A new paper from members of the HEAL (Health & Ecosystems: Analysis of Linkages) consortium delineates a new branch of environmental health that focuses on the public health risks of human-caused changes to Earth's natural systems.
Looking comprehensively at available research to date, the paper's authors highlight repeated correlations between changes in natural systems and existing and potential human health outcomes, including:
Forest fires used to clear land in Indonesia generate airborne particulates that are linked to cardiopulmonary disease in downwind population centers like Singapore.
Risk of human exposure to Chagas disease in Panama and the Brazilian Amazon, and to Lyme disease in the United States, is positively correlated with reduced mammalian diversity.
When households in rural Madagascar are unable to harvest wild meat for consumption, their children can experience a 30% higher risk of iron deficiency anemia—a condition that increases the risk for sickness and death from infectious disease, and reduces IQ and the lifelong capacity for physical activity.
In Belize, nutrient enrichment from agricultural runoff hundreds of miles upstream causes a change in the vegetation pattern of lowland wetlands that favors more efficient malaria vectors, leading to increased malaria exposure among coastal populations.
Human health impacts of anthropogenic climate change include exposure to heat stress, air pollution, infectious disease, respiratory allergens, and natural hazards as well as increased water scarcity, food insecurity and population displacement.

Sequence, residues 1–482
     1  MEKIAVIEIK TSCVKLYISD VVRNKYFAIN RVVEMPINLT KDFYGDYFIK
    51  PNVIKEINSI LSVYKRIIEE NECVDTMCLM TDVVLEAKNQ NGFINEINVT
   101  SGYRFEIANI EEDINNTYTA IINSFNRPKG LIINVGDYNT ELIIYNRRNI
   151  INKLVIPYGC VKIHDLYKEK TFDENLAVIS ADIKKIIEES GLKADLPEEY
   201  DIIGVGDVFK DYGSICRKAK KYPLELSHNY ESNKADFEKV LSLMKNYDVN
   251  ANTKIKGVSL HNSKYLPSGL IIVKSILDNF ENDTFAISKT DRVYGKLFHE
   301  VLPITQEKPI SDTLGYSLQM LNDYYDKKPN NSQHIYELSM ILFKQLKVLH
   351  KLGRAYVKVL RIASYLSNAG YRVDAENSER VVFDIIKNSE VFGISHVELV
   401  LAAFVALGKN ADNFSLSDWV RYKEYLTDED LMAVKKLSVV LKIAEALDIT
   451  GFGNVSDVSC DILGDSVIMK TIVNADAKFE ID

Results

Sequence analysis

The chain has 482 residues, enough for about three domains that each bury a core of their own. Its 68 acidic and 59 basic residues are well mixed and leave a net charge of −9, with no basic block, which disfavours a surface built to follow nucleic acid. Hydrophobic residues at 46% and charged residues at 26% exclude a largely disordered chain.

"Human activity is affecting nearly all of Earth's natural systems—altering the planet's land cover, rivers and oceans, climate, and the full range of complex ecological relationships and biogeochemical cycles that have long sustained life on Earth," said Dr. Samuel Myers of the Harvard School of Public Health and the study's lead author. "Defining a new epoch, the Anthropocene, these changes and their effects put in question the ability of the planet to provide for a human population now exceeding 7 billion with an exponentially growing demand for goods and services."
In their paper, the authors demonstrate the far reaching effects of this little explored and increasingly critical focus on ecological change and public health by illustrating what is known, identifying gaps for and limitations of future research efforts, addressing the scale of the global burden of disease associated with changes to natural systems, and proposing a research framework that strengthens the scientific underpinnings of both public health and environmental conservation. Such efforts should lead to a more robust understanding of the human health impacts of accelerating environmental change and inform decision-making in the land-use planning, conservation, and public health policy realms. They also point out the equity and inter-generational justice issues related to this field, as most of the burdens associated with increased degradation of natural systems will be experienced by the poor and by future generations.
Dr. Steven Osofsky, who oversees the HEAL consortium and leads the Wildlife Conservation Society's Health programs around the world said, "Not all governments prioritize environmental stewardship, and many lack adequate resources to support public health. If we can combine forces and utilize sound science to build inter-sectoral bridges where conservation and public health interests are demonstrated to coincide, it's a win-win. On the other hand, if we don't work together to understand the global burden of disease that's associated with alterations in the structure and function of natural systems, we may find ourselves testing planetary boundaries in ways that are frightening and difficult to reverse."